Angioplasty and stenting
The purpose of this tool is to help you decide whether or not to have angioplasty or stenting. When making a decision like this, you must balance:
- The reasons for having the procedure
- The potential health risks, drawbacks, or limitations of the procedure
- Whether there are alternative procedures that may be more appropriate
This tool is not a substitute for professional medical care and advice. Work with your doctor to help you make this decision. A second opinion from another doctor may be valuable. There is usually no exact “right” or “wrong” answer.
Your doctor may make certain recommendations to you. However, the final decision about whether to have this procedure rests with you.
What is the procedure?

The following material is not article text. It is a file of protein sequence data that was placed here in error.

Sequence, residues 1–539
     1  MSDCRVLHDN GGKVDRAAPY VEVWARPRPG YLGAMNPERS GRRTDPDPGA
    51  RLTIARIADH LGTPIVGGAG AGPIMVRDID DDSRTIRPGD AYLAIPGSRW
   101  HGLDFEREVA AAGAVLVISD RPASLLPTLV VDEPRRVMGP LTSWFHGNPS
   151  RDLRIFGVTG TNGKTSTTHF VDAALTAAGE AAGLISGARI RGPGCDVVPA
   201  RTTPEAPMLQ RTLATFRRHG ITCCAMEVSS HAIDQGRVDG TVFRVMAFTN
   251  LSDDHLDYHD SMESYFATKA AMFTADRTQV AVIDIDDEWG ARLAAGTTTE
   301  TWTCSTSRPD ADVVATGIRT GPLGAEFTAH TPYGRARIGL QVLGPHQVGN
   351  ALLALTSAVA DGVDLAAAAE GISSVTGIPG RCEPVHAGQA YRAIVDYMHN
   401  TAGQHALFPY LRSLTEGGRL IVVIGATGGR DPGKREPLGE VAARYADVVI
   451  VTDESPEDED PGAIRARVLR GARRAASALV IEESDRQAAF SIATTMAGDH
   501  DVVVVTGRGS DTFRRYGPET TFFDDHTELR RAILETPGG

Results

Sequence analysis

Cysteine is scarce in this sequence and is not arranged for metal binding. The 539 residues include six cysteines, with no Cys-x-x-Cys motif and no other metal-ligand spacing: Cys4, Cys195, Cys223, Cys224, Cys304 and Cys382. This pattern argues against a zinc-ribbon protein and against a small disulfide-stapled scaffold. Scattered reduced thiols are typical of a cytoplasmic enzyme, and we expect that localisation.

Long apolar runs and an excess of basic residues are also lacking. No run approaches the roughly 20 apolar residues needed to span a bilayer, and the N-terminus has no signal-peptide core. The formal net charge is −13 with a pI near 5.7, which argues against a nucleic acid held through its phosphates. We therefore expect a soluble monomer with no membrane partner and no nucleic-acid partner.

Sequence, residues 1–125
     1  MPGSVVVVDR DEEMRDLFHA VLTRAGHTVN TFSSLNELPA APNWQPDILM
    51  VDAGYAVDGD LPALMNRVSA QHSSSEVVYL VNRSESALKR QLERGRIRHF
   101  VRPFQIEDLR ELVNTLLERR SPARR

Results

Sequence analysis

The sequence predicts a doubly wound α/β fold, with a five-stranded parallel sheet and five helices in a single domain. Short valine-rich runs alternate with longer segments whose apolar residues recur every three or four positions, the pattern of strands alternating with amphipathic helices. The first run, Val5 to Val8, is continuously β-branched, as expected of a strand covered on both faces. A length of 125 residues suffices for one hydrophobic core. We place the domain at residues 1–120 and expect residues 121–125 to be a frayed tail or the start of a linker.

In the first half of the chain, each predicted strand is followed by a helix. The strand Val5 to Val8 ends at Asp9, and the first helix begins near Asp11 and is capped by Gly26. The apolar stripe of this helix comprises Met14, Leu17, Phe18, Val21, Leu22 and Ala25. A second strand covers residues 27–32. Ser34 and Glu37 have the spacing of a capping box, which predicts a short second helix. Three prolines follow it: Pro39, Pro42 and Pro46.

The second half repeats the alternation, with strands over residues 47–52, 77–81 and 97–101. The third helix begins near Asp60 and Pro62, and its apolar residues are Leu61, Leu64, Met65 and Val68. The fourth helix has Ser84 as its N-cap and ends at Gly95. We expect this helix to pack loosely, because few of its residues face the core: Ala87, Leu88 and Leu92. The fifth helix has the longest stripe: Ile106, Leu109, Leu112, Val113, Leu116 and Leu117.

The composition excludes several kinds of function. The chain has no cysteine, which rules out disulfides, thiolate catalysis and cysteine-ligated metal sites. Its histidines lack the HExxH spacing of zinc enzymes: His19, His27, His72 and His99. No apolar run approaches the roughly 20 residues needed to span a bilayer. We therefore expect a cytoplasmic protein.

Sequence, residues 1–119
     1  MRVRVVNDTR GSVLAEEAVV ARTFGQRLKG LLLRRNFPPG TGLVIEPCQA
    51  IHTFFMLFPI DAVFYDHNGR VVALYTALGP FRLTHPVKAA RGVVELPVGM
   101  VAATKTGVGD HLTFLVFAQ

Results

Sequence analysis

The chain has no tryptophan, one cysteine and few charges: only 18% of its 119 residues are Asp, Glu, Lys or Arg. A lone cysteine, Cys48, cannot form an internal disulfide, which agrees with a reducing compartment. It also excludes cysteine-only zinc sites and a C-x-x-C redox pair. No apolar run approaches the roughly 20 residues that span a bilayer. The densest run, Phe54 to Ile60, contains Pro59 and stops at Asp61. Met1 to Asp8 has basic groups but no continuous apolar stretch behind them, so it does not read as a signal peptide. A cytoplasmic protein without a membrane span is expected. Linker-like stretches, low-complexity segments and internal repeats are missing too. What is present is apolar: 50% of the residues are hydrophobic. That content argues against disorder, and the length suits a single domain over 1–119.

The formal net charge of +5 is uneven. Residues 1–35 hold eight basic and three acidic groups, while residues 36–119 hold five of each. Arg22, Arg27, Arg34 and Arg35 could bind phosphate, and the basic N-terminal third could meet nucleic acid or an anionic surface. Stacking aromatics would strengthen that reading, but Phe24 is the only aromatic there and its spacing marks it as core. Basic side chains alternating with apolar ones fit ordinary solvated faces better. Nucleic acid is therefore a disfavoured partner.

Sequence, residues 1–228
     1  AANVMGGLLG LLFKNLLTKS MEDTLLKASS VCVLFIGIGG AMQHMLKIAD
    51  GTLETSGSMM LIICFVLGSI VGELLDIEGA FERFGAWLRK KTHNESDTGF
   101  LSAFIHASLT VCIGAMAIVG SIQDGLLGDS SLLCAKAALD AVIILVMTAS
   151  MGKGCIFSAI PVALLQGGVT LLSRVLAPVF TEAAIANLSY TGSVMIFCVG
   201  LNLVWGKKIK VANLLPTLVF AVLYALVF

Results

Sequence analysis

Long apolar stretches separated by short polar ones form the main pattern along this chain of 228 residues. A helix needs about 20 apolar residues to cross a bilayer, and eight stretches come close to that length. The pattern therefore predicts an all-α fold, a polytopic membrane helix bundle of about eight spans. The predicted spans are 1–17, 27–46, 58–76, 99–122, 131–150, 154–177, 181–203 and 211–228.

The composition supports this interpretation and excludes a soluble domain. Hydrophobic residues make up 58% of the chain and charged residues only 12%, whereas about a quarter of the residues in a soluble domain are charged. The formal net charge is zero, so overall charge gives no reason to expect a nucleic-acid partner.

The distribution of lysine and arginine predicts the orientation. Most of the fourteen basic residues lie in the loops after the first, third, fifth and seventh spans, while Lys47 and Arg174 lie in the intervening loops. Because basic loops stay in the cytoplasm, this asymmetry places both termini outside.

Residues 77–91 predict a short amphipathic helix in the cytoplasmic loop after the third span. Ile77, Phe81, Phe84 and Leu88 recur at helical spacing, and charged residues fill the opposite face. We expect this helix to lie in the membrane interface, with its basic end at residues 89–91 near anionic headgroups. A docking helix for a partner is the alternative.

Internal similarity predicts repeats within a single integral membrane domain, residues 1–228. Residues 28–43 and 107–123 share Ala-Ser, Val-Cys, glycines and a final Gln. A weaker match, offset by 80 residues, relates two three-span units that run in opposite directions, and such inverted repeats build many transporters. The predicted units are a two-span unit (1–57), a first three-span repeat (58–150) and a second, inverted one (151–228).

Angioplasty is a medical procedure in which a balloon is inserted through a catheter and used to open narrowed or blocked blood vessels of the heart (coronary arteries). It is not considered surgery.
Fat and cholesterol can accumulate on the inside of arteries and form deposits called plaque. This disease process is called atherosclerosis. This accumulation can block or narrow arteries that supply blood to the heart.
Click the icon to see an animation showing atherosclerosis.
If the blockage is not too severe, a balloon catheter may be used to open the heart artery as an alternative to open heart surgery. The catheter is a small, hollow, flexible tube that has a balloon near the end of it.
Angioplasty may treat:
- Persistent chest pain (angina)
- Blockage of one or more coronary arteries
- Residual obstruction in a coronary artery during or after a heart attack
Doctors commonly use angioplasty to place stents in blocked arteries. A stent is a metal or plastic tube inserted into an abnormally narrowed or closed vessel (such as an artery) in the body. It serves to keep the vessel open and maintain blood flow.